Wheelchair/Handicapped Accessible Room Locations and Measurements

keishashadow

Proud Redhead...yes, I have some bananas!
Joined
Dec 30, 2004
Interpretation help, please, for Poly. Normally, I’d call but don’t have 1-1/2 hours to wait on hold today. No luck trying to decipher or touring plans???

appears only DVC building open this time frame is Pago Pago. Have read that some people are reporting being reassigned into hotel rooms due to the rehab.

Hoping the experts here might be able to determine which, if any of following room descriptions might be 3120 or 2021 (tub rails)?

alternatively, 3121, not sure if only modifications is hearing in that unit?

Do not require a roll-in shower

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lanejudy

Moderator
Moderator
Joined
Oct 27, 2011
If you need a tub with hand rails, I believe the only option of those is the last: Wheelchair Accessible with Tub and Option for Hearing Accessibility.

Sorry, I can't read the room number on the floor plans.
 

keishashadow

Proud Redhead...yes, I have some bananas!
Joined
Dec 30, 2004
If you need a tub with hand rails, I believe the only option of those is the last: Wheelchair Accessible with Tub and Option for Hearing Accessibility.

Sorry, I can't read the room number on the floor plans.
Oh, ok. I wish they would just put hand rails in the tubs & be done with it!

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lanejudy

Moderator
Moderator
Joined
Oct 27, 2011
Oh, ok. I wish they would just put hand rails in the tubs & be done with it!
Agree! A lot of hotels have rails in all the tubs. I heard the "Florida Special" accessible category is going away, but whether those rooms will be replaced with fully "wheelchair accessible" and include the tub rails remains to be seen.

If you know the walls of the tub-surround are smooth, you might have good luck with removable suction-cup hand rails. My family did not have good luck with those at home and we have not traveled with them; others have reported successfully using them in hotel bathrooms.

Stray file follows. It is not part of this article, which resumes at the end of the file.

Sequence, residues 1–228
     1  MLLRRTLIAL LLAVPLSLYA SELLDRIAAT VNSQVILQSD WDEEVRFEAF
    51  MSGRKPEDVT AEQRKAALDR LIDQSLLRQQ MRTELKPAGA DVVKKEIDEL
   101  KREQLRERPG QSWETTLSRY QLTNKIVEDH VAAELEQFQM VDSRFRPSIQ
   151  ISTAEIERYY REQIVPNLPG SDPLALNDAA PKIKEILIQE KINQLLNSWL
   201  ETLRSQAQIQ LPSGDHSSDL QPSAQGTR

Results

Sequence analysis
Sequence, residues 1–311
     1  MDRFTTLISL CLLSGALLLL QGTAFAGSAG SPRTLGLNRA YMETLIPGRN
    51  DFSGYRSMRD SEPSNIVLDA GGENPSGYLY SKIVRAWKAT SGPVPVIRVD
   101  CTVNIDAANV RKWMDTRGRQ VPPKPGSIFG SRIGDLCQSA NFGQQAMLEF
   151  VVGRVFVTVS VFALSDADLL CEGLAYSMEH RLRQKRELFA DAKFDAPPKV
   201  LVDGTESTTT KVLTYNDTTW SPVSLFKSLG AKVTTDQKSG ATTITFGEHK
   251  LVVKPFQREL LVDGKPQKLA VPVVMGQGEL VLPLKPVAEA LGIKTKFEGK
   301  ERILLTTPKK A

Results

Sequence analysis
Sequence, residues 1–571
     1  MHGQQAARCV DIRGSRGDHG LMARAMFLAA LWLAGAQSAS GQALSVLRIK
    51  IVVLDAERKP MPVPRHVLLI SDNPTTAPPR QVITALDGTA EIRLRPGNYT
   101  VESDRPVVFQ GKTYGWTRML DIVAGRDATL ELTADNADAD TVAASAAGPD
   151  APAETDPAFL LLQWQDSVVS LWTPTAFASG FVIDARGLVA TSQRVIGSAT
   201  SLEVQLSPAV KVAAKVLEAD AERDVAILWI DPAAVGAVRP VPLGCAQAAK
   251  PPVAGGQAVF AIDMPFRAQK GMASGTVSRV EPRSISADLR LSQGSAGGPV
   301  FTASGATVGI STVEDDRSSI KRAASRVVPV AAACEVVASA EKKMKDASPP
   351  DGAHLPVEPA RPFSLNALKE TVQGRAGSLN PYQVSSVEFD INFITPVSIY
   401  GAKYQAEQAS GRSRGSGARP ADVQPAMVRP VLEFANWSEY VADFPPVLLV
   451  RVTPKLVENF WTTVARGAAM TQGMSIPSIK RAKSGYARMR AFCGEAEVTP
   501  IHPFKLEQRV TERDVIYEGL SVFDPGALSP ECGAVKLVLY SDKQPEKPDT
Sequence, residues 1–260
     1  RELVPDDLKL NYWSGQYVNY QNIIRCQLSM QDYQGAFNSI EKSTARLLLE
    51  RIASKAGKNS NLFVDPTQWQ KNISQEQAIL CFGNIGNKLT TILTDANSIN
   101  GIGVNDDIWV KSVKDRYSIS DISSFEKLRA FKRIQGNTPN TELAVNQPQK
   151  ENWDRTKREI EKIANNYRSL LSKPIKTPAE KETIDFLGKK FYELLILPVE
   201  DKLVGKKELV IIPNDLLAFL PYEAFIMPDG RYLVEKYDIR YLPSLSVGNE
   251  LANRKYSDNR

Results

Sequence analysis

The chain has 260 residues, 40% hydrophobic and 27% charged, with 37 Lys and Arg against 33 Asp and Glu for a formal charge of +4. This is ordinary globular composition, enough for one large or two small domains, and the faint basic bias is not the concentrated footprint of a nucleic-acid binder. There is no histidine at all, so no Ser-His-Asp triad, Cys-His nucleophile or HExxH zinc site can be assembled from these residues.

keishashadow

Proud Redhead...yes, I have some bananas!
Joined
Dec 30, 2004
Ok, found better descriptions. They sure don’t make it easy to find

Putting here jik it might help another. The last 2room categories do have hand rails

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SKB516

Earning My Ears
Joined
Dec 6, 2021
I stayed in a wheelchair accessible roll-in shower room at Pop Century last week and didn't have any problems. I see that a lot of people aren't fans of the cloth shower seats, but I actually liked them for my specific needs (though I did wonder about how they clean them between guests). I'm a full-time manual wheelchair user/lifelong paraplegic, and I feel more secure having something that is attached to the wall since I transfer myself using only my upper body. I like that I can grab onto it and don't have to worry about it tipping if I land on it weird while transferring. I'm also short, so it being lower to the ground worked out for me, but I can see how it may not be comfortable for taller people. I felt like the cloth provided more stability and comfort- I have a slight pelvic obliquity, so sitting on very hard surfaces like wood or plastic can feel a little wobbly and push hard against my pressure points. I found that the shower drained well too, and the rubber strip on the floor between the shower and bathroom kept the water from spilling over into the bathroom, which I've often found to be a problem with roll-in showers in hotels in general. The bed was at a good height for me. I did notice that the bed was too close to the wall on one side for me to get my wheelchair between the wall/bed, but that wasn't an issue for me because I can transfer on either side & there was plenty of room on the other side. I didn't use the Murphy bed, so not sure how the space would be with that pulled down.